I’ve been thinking a lot about covers recently.
I have a sort of tradition — that started probably when I was in junior high — of giving my dad a mix tape for Father’s Day. There was a span of many, many years where I did not continue the tradition, but a few years ago I started it back up and have made a mix cd every year. So, for Christmas this year, my dad made me a mix cd of cover songs, which I thought was pretty cool.
So that got me thinking about covers and I know I’ve got tons. Not just covers that appear on albums, but b-sides and then countless tribute albums. I couldn’t help but start thinking about a sequel to send in response. The mark of a good cover song is how well the artist adapts the source material to their own style while still staying true to the original. A straight repeat of the original isn’t interesting, nor is the punk version when the punk version is just a sped up version of the original. A truly great cover can stand on its own without needing to reference the original song.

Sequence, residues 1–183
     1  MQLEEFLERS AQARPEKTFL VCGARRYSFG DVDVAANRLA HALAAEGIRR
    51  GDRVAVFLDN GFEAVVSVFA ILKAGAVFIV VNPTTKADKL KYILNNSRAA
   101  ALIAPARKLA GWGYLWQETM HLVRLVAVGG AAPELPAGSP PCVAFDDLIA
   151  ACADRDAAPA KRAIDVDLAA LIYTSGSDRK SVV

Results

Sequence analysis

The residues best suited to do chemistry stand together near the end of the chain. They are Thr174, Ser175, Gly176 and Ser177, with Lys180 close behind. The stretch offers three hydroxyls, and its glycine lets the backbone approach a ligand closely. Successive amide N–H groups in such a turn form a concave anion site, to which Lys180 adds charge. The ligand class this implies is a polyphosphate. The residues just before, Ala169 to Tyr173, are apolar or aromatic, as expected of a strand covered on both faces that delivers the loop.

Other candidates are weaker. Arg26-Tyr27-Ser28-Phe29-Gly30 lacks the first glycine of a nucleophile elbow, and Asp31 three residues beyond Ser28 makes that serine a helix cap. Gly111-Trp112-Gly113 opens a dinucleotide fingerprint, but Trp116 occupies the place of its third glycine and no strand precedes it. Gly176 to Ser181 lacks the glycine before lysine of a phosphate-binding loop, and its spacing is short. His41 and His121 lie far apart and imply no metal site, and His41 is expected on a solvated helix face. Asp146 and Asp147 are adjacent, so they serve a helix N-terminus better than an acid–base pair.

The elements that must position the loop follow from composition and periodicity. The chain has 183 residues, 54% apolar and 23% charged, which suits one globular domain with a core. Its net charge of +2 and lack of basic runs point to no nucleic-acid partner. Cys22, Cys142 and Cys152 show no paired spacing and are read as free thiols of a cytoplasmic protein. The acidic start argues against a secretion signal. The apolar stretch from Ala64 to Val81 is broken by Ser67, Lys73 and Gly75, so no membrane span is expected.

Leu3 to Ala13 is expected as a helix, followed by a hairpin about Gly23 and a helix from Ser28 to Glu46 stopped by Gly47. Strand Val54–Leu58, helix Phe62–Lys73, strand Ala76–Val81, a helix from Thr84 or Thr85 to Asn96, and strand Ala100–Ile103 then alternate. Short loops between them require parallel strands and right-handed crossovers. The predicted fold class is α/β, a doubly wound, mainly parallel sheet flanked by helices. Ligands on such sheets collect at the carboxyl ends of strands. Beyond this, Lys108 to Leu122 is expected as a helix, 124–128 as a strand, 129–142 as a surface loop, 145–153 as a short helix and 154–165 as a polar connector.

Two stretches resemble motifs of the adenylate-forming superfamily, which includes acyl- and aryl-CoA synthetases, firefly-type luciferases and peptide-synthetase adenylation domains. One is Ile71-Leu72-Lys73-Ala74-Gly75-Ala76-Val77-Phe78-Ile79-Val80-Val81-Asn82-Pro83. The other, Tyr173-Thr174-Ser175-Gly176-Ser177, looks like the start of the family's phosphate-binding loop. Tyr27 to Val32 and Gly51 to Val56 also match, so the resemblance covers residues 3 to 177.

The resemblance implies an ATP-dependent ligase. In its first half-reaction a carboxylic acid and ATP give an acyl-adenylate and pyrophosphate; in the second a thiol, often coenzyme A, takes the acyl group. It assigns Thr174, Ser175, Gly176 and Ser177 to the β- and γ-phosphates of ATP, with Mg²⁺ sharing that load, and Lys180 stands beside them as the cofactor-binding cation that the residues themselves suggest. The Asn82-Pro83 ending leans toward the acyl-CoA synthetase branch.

As I was sorting through my hundreds of covers (narrowed down to a collection of about 80 that I don’t really know what to do with now…I’ll probably make a 2-cd mix for my dad’s birthday in February, but that will leave about 50 tracks behind…), I stumbled on this Charlie Feathers track. At first, I did a double-take — Folsom Prison Blues? Was Johnny Cash’s version actually a cover? No, in fact it’s Charlie Feathers — a relatively obscure (at least these days) rockabilly artist who influenced bands like The Cramps, The 5, 6, 7, 8’s and The Stray Cats — covering Johnny Cash. My timelines in my head got all skewed because, though they did perform around the same periods, Charlie Feathers was first, so this must’ve been recorded sort of later in his career. Anyway, it’s a great track, and a total reimagining of Johnny Cash’s classic in which he “shot a man in Reno just to watch him die.”[audio:rsotd11.mp3]